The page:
As is made clear time and again, masculinity was often fragile, contested, put to the test, shot through with contradictions. Geoffrey Giles, for instance, shows that the ban on homosexuality tolerated exceptions. In the Wehrmacht and the SS, homosexuals contributed to Nazi male hegemony; in some cases, sexual misery was even accepted as an excuse to justify homosexual practices.

Moreover, being homosexual was no guarantee against participation in acts of violence. On the contrary, one had to play the archetypal role of the violent heterosexual to be able to live homosexuality, a practice described by Farges and Mailänder as a form of “othering” (p. 24): Transgression and conformism were not always in conflict.

The categories of belonging that defined Nazi society were not, as one might think, rigid, stable, and binary; on the contrary, they were often changing and always complicated. As Giles explains, the question of the identification of “true” homosexuals—or, in the terms of Nazi ideology, those who were “curable” and those who had to be euthanized—was the subject of much trial and error.

The obsessive thoroughness of Nazi investigations, the insanity displayed—even at the very end, when Germany was in the throes of defeat—shows just how much the Nazis struggled with how to define a homosexual, perhaps even more so than with how to define a Jew.

“Proudly Facing the Fatherland”

This non-linear history of masculinities under Nazism is inseparable—need we say it?—from that of femininities. The word “sex” derives from the Latin verb secare, meaning to separate. In many respects, the other sex is central to the book, revealing the extent to which the distribution of qualities attributed to the masculine and the feminine is variable. Thus, the feminine is present, at least between the lines, in all the chapters, including those on male homosexuality, the repression of homosexuals being often justified on the grounds that they are “effeminate.” Particularly instructive are the passages on what it meant at the time to “look homosexual” (p. 127 et seq.).

The masculine and the feminine always depend on each other for their meaning. Under Nazism, doing gender entailed giving proof of one’s masculinity or non-femininity through undergoing or subjecting oneself to various ordeals.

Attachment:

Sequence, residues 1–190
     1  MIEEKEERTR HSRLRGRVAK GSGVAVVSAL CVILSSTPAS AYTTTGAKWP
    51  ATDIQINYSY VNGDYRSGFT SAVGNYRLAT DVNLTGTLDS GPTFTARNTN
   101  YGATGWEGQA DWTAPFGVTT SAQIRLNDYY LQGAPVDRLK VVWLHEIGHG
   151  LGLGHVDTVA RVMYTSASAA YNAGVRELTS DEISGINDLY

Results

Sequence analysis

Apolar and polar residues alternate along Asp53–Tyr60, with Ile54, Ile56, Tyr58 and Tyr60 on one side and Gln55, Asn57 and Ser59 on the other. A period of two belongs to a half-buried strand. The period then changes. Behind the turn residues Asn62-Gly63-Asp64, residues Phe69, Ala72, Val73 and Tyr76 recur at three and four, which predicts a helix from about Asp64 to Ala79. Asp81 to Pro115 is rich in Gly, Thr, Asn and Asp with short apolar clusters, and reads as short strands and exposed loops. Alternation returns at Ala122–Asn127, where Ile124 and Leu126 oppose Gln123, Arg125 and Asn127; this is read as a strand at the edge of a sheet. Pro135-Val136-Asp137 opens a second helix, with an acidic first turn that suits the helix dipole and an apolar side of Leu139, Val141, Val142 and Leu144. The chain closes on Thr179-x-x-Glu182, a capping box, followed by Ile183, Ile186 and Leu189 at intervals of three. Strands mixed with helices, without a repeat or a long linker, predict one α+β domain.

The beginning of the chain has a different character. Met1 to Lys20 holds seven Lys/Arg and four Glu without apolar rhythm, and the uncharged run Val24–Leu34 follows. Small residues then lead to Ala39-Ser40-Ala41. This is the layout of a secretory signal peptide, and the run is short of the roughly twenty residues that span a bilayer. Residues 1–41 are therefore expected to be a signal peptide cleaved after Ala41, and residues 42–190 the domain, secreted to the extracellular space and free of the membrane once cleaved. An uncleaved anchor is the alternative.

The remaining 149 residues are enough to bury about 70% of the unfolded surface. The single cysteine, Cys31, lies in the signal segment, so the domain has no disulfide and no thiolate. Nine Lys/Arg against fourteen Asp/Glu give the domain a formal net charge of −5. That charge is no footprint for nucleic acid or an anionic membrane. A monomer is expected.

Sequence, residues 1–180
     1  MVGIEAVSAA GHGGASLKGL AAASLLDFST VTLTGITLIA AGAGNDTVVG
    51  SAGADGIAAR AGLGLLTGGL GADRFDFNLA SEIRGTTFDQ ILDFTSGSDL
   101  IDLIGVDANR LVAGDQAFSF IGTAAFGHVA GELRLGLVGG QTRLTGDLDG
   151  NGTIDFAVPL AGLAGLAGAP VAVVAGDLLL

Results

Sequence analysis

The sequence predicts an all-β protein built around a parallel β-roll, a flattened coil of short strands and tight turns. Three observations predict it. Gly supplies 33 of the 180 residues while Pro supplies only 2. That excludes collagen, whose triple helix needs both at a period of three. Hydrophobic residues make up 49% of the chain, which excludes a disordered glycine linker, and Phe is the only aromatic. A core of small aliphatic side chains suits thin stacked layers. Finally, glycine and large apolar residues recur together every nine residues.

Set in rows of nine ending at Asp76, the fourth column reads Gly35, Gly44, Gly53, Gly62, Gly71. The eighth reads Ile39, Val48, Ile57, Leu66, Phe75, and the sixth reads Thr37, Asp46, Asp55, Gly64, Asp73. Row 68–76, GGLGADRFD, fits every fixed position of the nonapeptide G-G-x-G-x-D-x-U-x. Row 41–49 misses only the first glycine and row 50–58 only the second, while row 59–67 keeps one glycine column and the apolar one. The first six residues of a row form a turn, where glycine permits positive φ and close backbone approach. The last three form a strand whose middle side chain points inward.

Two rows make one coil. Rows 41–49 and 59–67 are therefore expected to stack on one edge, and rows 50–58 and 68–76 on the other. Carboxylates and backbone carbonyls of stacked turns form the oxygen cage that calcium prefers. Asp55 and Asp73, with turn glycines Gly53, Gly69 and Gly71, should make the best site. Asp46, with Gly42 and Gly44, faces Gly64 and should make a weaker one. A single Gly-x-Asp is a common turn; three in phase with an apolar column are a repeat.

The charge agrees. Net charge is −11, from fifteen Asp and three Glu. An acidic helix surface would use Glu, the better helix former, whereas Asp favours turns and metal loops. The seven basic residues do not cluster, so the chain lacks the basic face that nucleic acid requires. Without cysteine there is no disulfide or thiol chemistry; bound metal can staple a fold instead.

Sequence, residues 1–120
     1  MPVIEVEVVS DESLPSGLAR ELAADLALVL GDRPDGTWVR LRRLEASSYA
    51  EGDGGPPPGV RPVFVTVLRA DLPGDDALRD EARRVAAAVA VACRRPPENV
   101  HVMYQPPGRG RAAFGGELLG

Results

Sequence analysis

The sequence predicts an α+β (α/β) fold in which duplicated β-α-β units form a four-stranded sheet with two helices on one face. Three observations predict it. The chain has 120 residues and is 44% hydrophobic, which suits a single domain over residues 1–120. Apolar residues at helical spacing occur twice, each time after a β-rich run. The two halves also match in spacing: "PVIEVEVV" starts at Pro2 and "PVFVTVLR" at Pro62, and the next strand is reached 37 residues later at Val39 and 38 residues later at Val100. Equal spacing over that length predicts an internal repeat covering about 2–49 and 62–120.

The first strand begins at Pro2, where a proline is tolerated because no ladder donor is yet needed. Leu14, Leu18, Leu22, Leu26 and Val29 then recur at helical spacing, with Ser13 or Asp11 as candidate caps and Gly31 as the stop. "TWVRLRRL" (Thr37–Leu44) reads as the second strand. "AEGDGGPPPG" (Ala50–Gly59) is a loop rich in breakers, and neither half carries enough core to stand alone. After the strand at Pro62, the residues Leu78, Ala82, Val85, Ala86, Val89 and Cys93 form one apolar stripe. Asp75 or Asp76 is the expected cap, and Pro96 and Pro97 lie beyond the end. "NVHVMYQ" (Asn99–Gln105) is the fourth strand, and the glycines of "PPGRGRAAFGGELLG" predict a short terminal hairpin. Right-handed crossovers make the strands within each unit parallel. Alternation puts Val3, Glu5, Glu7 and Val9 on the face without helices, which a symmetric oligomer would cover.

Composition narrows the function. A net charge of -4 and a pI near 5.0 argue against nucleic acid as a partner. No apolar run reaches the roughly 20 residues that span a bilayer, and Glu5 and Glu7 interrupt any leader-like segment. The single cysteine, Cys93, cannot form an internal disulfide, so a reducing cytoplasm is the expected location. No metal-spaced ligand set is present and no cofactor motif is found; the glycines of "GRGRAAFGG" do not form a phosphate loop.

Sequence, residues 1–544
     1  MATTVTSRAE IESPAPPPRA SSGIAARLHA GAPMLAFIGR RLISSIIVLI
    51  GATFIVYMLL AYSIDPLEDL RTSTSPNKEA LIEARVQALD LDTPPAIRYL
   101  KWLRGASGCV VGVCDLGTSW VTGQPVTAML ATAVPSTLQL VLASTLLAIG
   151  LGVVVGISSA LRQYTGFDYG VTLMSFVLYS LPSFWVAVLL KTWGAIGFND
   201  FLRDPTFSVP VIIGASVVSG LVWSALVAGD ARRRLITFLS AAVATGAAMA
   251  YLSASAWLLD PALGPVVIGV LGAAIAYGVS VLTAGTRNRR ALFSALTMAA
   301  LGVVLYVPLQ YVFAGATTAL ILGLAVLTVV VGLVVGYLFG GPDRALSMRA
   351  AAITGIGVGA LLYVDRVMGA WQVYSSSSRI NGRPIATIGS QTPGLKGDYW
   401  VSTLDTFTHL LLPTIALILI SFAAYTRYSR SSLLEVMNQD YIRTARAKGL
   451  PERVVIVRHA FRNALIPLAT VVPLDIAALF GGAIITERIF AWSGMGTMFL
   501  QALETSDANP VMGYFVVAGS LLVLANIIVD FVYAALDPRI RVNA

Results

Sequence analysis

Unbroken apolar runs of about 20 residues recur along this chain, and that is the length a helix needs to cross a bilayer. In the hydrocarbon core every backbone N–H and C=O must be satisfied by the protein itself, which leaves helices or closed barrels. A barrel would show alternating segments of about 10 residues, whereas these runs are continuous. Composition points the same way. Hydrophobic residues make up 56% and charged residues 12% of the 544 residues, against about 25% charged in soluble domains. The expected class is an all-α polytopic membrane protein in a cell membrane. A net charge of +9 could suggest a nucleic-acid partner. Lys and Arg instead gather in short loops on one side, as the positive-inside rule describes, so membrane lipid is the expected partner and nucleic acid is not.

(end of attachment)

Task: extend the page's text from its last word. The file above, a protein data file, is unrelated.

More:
However, this was all very complicated. Christa Hämmerle’s analysis of the correspondence of a couple, Rudolf and Charlotte, highlights this complexity: Rudolf came to accommodate Charlotte’s desire to be an artist rather than a housewife, accepted the presence of a lover, and later agreed to their separation. Thus, Rudolf showed himself to be progressive and generous, despite being, as Hämmerle puts it, a “proud National Socialist” (p. 93) whose masculinity might have been expected to be far less compromising.

Moreover, as Kühne demonstrates, the ideal of toughness that characterized Nazi military masculinity did not exclude bonds of tenderness between soldiers. So long as the norm was met, a man could adopt “feminine” roles without compromising his masculinity (pushing a baby carriage, for example). Kühne speaks of a Protean masculinity, in reference to Proteus, the Greek marine deity who watches over the sea and has the ability to change shape (p. 101).

A few emblematic cases provide a fascinating insight into the Nazi rhetoric of gender. Klaus Latzel and Franka Maubach examine a marriage contract dated November 1944, in which the husband and wife promised to guarantee the “healthful happiness of their family” and to produce offspring “who will sacrifice their life force with dedication and self-abnegation in the struggle for power and honor” (p. 181). Both confessed to their “original sins”: an alcoholic father for him, divorces within the family for her. In their eyes, this was a “confession before the entire racial community of the people” (p. 182), which confirms that they fully embraced the 1935 “Law for the Protection of the Hereditary Health of the German People.”